This article is reprinted from the January 1991 edition of
TechNotes/dBASE IV. Due to the limitations of this media, certain
graphic elements such as screen shots, illustrations and some tables
have been omitted. Where possible, reference to such items has been
deleted. As a result, continuity may be compromised.
TechNotes is a monthly publication from the Ashton-Tate Software
Support Center. For subscription information, call 800-545-9364.
AppGen Users Anonymous
The room was deafeningly quiet. The eyes of each member of the group
were focused on him, waiting for his first words. Slowly, he mumbled,
"I've been using AppGen for some time now." There! It was said. The
words fell off his lips like the confession of remorseful sinner.
Then, with a spark of defiance, he continued, "I also have three sets
of Ginzu knives, a Craftmatic bed, a GardenWeasel, a TurboWash and six
Clap-on/Clap-off remotes, so sue me!"
Being an Applications Generator user is no shameful admission. In the
scheme of things, having a means of assembling an entire application
that looks sharp and performs well is quite a luxury. And while you
may hear the occasional rumbling of long-time dBASE developers saying
that they would never use the Applications Generator, they undoubtedly
still have the image burned in their brains of an Applications
Generator that till now was nothing more than the fancy .PRG file.
But now, AppGen is an integrated design interface in dBASE IV. There,
you have the ability to develop fairly complex applications. There
may be some tricky corners to handle when it comes to plugging in all
the right components that will result in a well-running application.
Remember, AppGen has to account for a number of user-changeable
options. This can ultimately result in a sense of overkill. So many
options, so little time. Sometimes, it feels like all those submenus
and options get in the way and make things more confusing. But
remember how difficult a bike was to steer when it had training
wheels? Or for that matter, remember how difficult it was to get your
first gratifying output from a personal computer?
Nonetheless, some of the little headaches one develops along the way
don't quite drive home the comforting assurance of such cozy
metaphors. For instance, have you ever thought how nice it would be
to be able to use a floppy drive from a menu that wouldn't crash your
application just because the user failed to insert a floppy disk?
This article shows how to check whether a disk operation was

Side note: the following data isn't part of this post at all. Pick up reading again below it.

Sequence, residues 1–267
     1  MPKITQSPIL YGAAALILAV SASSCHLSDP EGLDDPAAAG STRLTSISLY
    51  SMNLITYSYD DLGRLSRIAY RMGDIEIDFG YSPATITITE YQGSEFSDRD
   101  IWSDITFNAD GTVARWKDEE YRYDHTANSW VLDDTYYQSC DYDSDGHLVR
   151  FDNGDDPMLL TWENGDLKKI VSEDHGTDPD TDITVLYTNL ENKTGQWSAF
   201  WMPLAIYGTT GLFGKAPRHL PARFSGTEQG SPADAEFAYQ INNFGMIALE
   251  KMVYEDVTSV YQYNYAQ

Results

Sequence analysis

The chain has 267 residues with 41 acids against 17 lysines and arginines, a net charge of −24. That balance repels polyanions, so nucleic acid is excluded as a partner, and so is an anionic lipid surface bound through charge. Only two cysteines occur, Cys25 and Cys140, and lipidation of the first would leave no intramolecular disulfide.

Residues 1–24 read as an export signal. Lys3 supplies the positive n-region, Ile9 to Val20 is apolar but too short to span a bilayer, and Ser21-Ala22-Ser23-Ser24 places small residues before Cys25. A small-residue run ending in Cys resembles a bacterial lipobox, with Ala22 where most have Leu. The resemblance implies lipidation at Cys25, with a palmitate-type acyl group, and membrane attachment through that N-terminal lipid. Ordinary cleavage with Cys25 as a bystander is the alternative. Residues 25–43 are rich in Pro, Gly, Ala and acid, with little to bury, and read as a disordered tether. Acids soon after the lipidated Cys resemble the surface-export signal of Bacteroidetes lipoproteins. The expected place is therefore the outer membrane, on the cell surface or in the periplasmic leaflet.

successful and not cancel the application in progress. This article
assumes that you are somewhat familiar with the Applications
Generator; if you have never set up an application using the
Applications Generator, follow the steps on pages 2-4 through 2-6 in
Using the dBASE IV Applications Generator . If not, you can still use
the code in your own programs with some modification.
In designing applications, a common need is to copy data to and from
floppy disk for transport to another machine or simply to backup the
database. So you define the action of an item to be
COPY TO A:\BACKUP1.DBF NEXT 30
The problem is that if the user fails to put a properly formatted disk
in drive A, an error box prompts
Drive not ready on A:
Cancel Retry Ignore
If the user selects Cancel, the application halts immediately and
rather awkwardly. If the user has the initiative and forethought to
place a disk in drive A and select Retry, then the application is
fine. But there is that brand of user: you know, the optimistic
sun-will-come-out-tomorrow type that believes if you ignore something,
it will go away. So, if the user selects Ignore, the application will
not know this and our problems are compounded. Most users will panic
when they see this message and choose the first selection, Cancel,
putting a disquieting and unprofessional-looking end to your
application. To counteract this, create the file COPY2A.PRG, listed
below, enter the Applications Generator design for your application
and choose Item: Change action: Run program: Do dBASE program, then
type into the prompt area COPY2A. For the Parameters option, enter :
"A:\BACKUP1.DBF","NEXT 30" Yes, the quotes are required.
When the application is executed and the user selects the menu item,
they will still get the Drive not ready message, but regardless of
which option they choose the ON ERROR routine will verify whether they
really want to cancel or retry the operation. If the user decides not
to retry, we then display a message accordingly.
If you haven't had a chance to look at the code generated by the
Applications Generator, you might wonder where the window and
procedure, both named PAUSE are defined. The window and procedure are
defined in the main application .PRG file. If you don't want to take
advantage of AppGen and then simply create an appropriate PAUSE
procedure and window or copy it off of a generated application
Well there's one AppGen crisis under control. Watch your anxiety
level and if it gets too much, remember, help is just a phone call
diskok = .T.
ON ERROR DO diskrtry
COPY TO (wcfile) &hwmany
ON ERROR DO pause WITH [The error occurred at line ] ;
+LTRIM(STR(LINENO()))+[ of " ]+PROGRAM()-[.PRG "]
*Ä You can insert additional code if disk was OK, i.e.
DIR A: *
DO pause WITH "Warning! Disk operation failed."
diskrtry = .T.
ACTIVATE WINDOW pause
@ 1,1 SAY "Drive not ready on A: Retry?(Y/N)" GET diskrtry
DEACTIVATE WINDOW pause
diskok = .F.